He was the only player in the NBA to start more than 35 games and average less than 18.4 minutes a game. There were eight Denver Nugget players who averaged more minutes per game than he did (nine if you include short timer Allen Iverson). On the other hand no Nuggets player seemed to frustrate opposing coaches than he did in the playoffs.
Well, if you read the title to this post you already know I am talking about Dahntay Jones.
When I found out the Nuggets had added Jones to their summer league roster last year I thought it was a big waste of everyone’s time. Jones was clearly a poor offensive player and had never been worth much on defense either. That is not a good combination. Jones took advantage of his time in Vegas and earned an invite to training camp thanks to his ability to play solid defense. He even scored a few points on offense thanks to his ability to get to the free throw line.
It seemed clear that Jones would not have such an easy time putting points on the board facing off against the increased talent level of the NBA. Fortunately for Jones the Nuggets had plenty of scorers, including explosive shooting guard J.R. Smith who played the same position as Jones. With the Nuggets looking to become more of a defensive squad there was a clear opening for a shooting guard who was dedicated to being a stopper.
George Karl knew the Nuggets needed a player like that too and Jones was one of only two players in camp who could fill that role with the other being self proclaimed Kobe stopper and former Nugget Ruben Patterson. I honestly do not know what the deciding factor was, perhaps Patterson at the age of 33 had lost a step or possibly Karl and Patterson still did not quite see eye to eye on some things, but the player with the defensive reputation was let go and Jones made the team.
Not only did Jones make the team, he found himself a regular starter as Karl was still not ready to hand the reins over to J.R. Smith who was not quite as interested in defense as Denver needed him to be.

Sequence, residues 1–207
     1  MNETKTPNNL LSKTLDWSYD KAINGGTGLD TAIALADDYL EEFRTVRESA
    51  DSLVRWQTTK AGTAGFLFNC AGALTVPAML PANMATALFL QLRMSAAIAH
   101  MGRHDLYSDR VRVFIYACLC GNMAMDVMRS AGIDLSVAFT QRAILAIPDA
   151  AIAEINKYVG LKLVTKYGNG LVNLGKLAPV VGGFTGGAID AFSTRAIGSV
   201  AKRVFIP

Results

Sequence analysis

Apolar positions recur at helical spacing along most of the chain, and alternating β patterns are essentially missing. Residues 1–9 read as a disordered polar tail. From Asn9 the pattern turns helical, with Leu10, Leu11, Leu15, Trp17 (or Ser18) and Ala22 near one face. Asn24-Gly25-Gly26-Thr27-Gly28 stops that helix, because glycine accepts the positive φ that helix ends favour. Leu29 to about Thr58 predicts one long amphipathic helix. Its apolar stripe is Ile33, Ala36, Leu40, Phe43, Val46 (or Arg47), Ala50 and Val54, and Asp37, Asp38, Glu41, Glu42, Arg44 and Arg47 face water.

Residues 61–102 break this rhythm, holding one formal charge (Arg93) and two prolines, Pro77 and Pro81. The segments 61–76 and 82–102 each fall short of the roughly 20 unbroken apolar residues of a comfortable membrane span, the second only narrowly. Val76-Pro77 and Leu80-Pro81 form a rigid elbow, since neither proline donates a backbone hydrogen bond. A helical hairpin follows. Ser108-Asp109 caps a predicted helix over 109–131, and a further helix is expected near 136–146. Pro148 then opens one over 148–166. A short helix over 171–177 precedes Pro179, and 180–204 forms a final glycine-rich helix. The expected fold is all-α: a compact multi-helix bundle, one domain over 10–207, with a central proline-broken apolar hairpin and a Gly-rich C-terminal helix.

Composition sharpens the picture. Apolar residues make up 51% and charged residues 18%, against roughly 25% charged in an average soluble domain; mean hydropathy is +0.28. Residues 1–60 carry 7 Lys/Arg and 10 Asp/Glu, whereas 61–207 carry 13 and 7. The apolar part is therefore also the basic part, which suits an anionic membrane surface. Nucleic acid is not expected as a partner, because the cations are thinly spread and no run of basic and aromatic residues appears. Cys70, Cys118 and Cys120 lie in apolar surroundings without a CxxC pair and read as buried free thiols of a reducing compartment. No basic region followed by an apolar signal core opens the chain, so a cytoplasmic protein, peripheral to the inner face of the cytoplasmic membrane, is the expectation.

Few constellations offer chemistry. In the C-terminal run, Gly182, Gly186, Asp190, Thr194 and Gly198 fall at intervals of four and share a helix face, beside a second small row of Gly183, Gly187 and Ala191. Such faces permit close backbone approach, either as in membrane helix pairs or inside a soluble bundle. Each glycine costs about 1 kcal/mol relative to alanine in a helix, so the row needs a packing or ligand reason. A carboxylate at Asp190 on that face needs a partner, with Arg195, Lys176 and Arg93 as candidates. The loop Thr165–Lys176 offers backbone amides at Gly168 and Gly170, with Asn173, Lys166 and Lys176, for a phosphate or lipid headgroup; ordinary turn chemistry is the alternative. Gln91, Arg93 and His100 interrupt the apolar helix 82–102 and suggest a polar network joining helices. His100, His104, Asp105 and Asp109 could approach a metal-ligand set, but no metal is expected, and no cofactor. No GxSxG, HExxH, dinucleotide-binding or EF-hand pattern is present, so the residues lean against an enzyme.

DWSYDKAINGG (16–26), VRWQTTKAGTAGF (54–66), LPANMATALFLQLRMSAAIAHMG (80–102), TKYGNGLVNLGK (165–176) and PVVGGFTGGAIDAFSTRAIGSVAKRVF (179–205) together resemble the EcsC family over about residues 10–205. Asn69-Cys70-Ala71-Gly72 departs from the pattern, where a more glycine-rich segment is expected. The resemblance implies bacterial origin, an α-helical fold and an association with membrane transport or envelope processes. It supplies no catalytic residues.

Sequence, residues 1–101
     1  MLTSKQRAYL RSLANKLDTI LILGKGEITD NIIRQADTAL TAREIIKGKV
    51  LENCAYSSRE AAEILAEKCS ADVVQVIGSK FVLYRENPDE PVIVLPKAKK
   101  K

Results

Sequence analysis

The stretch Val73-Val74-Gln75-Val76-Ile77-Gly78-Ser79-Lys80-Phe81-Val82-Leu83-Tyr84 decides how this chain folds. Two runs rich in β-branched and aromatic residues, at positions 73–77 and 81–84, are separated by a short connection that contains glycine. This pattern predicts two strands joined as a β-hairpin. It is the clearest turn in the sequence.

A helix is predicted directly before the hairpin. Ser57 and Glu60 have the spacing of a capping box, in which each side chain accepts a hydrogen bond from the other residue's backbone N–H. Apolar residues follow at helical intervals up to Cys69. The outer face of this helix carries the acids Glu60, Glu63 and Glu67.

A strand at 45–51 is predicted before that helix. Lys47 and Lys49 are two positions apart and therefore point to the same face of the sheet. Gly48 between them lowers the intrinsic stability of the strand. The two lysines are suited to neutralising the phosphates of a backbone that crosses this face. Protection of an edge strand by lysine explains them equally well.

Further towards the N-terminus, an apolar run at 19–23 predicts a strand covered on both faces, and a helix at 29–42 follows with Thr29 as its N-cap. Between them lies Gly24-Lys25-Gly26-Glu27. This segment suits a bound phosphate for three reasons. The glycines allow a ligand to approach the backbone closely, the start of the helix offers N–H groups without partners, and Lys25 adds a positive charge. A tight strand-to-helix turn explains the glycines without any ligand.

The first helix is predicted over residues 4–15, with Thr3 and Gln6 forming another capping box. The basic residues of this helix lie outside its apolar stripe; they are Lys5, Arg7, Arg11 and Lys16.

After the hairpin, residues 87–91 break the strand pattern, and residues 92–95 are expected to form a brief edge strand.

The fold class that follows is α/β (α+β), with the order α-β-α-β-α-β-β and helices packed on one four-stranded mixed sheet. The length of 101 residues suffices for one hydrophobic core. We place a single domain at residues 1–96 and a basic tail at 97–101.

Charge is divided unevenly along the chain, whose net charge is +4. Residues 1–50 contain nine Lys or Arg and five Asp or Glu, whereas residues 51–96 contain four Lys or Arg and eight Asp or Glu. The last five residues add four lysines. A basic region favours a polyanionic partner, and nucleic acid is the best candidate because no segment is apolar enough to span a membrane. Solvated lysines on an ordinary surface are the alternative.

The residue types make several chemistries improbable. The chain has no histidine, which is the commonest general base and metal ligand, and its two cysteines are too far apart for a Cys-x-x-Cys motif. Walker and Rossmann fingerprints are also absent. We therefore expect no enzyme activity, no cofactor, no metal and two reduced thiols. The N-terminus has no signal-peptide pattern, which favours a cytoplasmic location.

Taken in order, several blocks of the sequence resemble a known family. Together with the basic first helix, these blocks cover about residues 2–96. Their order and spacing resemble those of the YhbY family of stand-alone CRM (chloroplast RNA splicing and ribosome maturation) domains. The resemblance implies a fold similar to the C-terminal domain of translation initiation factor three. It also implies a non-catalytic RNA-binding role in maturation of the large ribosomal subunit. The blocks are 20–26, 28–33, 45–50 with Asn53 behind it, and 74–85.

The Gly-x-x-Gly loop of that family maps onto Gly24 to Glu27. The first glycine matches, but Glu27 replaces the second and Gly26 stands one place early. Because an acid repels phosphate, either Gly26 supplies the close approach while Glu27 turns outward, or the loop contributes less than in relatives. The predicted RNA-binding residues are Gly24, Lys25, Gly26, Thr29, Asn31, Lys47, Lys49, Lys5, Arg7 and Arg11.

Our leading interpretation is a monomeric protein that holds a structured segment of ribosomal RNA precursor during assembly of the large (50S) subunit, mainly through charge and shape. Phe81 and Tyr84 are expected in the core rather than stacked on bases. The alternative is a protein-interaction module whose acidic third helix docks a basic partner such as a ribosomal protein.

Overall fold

As is the case with every mediocre player Jones had a few good moments and a few bad ones mixed in with a bunch of forgettable performances. Even as a player whose sole purpose on the floor was to play defense Jones was pretty inconsistent with his focus night in and night out. Plus he seemed a little too interested in shooting early in games as he forced shots on several occasions, probably because he knew after the first few minutes he would not see much more playing time.
Despite his special purpose there were only a handful of games where his defense was exceptional and those efforts largely came against point guards. There were two players in particular that he hounded above and beyond any others and they were Jose Calderon and Chris Paul.
Fortunately for Jones the Nuggets drew the New Orleans Hornets in the first round of the playoffs which gave him a chance to take on a marquee player under the national spotlight. Jones did a tremendous job defending Paul. He did such a good job that Byron Scott called him a dirty player, which I hope Jones took as a compliment. Jones did not do anything dirty to Chris Paul, he simply played him physically. He bodied him up and did not play intimidated. He also received plenty of help defending the pick and roll as Paul’s teammates pretty much made a bunch of nests around the court and started laying eggs. In a series where the Nuggets advanced out of the first round for the first time in 15 seasons and with Chauncey Billups and Carmelo Anthony playing very well Dahntay’s play was one of the top storylines in the series.
Jones was much less important in the second round series against Dallas as Anthony Carter was a much better matchup against Jason Terry than Jones was. Jones went from playing 20.6 minutes a game against New Orleans (a number that was reduced by the wide margin of victory for Denver in four of the five games) down to 16.6 minutes per game against Dallas.